51 per cent of the surveyed provided careers advice. Despite this, 68 per cent said that the general quality of advice was still not good enough. More than 60 per cent of respondents said they would like to play a greater role in delivering careers advice.
In other areas, more than 70 per cent of employers provided work experience to students and around 29 per cent of them acted as governors.
As a result, it has been mostly reported as an attack on schools. See, for example, the Telegraph's story, headlined "School leavers 'unable to function in the workplace'":
Figures show that 42 per cent of companies now stage lessons in core subjects because young people are unable to function in the workplace.
The Confederation of British Industry said that too many school leavers struggled to write to the necessary standard, employ basic numeracy or use a computer properly.
Almost two-thirds of business leaders also said that teenagers were failing to develop vital skills such as self-management and timekeeping at school.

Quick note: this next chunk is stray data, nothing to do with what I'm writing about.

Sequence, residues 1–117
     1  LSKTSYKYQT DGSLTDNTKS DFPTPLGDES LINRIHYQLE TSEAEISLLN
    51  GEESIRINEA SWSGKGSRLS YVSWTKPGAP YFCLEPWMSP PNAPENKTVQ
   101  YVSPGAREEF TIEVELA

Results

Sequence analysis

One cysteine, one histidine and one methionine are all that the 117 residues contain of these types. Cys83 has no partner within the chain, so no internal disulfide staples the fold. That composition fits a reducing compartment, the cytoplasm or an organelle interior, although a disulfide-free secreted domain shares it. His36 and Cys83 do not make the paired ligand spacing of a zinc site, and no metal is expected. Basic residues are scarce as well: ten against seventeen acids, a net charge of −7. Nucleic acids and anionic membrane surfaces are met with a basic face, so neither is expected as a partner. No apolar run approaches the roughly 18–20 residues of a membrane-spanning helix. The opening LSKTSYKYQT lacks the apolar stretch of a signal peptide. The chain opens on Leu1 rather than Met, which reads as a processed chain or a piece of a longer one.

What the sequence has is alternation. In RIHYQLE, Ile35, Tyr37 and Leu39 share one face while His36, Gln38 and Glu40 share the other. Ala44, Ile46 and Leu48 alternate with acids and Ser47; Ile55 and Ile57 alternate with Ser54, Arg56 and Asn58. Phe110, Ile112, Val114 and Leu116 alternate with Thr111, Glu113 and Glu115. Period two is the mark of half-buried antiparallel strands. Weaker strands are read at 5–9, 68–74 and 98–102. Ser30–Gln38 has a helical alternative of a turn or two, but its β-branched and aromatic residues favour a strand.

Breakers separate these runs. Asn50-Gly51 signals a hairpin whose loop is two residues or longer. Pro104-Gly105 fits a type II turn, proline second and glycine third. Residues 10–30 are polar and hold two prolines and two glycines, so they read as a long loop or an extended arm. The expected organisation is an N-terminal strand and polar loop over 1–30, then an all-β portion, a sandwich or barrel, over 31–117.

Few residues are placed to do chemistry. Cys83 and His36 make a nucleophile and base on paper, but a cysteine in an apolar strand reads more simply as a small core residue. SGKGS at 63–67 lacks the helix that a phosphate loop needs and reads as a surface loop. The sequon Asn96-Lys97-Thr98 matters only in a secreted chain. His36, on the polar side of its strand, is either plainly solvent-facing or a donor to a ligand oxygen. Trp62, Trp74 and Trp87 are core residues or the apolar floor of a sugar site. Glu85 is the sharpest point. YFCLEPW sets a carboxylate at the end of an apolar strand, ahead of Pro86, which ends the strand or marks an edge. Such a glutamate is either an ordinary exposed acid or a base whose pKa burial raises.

But one of the most interesting chapters is instead the one focusing on university graduates.
Some of the data will be a blow to students studying... well, anything other than science, technology, engineering or maths (STEM), really:
Starting salaries also exhibit a marked pro-STEM bias, with just three types of job showing an increase in earnings over the last year: legal, scientific and engineering.
There's also a slight embarassment for the government buried in the chapter. Back when the notorious rise in tuition fees was first being talked about, in November 2010, the goverment's line was clear. Michael Gove, for instance, told the Today Programme:
I believe that [higher fees] won't put off students. They will make a rational decision on the benefits that accrue to them [from going to university].
19 months on, and with the first cohort just about to head to university, it is clear that CBI members don't share the government's optimism. A third of all respondents are planning to increase the number of routes through which school leavers can enter their business without having to go to university. Among the largest employers (with moret than 5,000 employees), two thirds are expanding those routes.
In addition, 63 per cent of employers expect the graduate market to change substantially in the coming years, and are preparing for a number of different impacts:
At least a third, and up to two thirds, of businesses believe what most people believe: that higher tuition fees have likely put students off applying to university. While this is certainly true for this years intake, we'll only know the full story once the applications for the 2013 cohort are released. If they stay low, it could be a black eye for the government.